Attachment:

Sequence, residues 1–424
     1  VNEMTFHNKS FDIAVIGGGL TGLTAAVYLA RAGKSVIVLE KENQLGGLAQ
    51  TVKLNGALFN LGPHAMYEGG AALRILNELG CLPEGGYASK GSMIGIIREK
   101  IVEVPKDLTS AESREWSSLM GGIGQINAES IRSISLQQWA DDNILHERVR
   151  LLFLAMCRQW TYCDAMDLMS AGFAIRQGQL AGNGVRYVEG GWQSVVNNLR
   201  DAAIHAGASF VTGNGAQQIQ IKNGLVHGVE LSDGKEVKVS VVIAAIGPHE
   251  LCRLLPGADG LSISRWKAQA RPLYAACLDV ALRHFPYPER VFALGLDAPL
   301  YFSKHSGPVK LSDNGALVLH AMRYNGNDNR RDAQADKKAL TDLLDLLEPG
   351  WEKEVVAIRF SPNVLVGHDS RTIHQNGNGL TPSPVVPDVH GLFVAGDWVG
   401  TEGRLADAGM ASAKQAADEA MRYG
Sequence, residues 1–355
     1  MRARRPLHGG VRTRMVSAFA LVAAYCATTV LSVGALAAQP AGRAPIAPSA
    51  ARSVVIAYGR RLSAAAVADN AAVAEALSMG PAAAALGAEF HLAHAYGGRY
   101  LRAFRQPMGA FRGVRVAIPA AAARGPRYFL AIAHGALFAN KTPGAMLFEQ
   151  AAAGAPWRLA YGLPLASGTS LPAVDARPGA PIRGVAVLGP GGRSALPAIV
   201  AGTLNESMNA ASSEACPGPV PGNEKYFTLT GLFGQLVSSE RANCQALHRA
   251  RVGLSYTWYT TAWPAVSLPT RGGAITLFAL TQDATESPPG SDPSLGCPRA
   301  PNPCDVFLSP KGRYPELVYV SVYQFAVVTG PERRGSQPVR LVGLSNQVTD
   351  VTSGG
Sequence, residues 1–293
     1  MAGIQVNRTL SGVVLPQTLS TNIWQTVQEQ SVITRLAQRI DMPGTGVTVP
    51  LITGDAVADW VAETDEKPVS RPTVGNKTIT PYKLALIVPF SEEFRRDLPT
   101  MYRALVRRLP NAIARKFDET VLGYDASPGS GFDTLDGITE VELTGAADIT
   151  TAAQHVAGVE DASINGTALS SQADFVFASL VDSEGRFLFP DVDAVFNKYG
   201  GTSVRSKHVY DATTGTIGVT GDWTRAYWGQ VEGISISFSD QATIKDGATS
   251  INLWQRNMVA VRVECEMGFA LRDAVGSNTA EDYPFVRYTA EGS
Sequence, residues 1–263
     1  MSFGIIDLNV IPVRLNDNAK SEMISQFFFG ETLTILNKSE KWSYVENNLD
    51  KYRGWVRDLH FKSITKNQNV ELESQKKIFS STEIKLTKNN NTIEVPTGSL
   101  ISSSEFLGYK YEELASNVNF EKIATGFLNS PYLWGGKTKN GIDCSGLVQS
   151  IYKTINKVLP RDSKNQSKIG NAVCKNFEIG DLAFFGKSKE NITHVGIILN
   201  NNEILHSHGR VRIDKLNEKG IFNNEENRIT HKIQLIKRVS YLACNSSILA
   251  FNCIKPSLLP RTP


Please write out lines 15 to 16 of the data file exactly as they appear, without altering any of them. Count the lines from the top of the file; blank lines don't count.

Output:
   151  AAAGAPWRLA YGLPLASGTS LPAVDARPGA PIRGVAVLGP GGRSALPAIV
   201  AGTLNESMNA ASSEACPGPV PGNEKYFTLT GLFGQLVSSE RANCQALHRA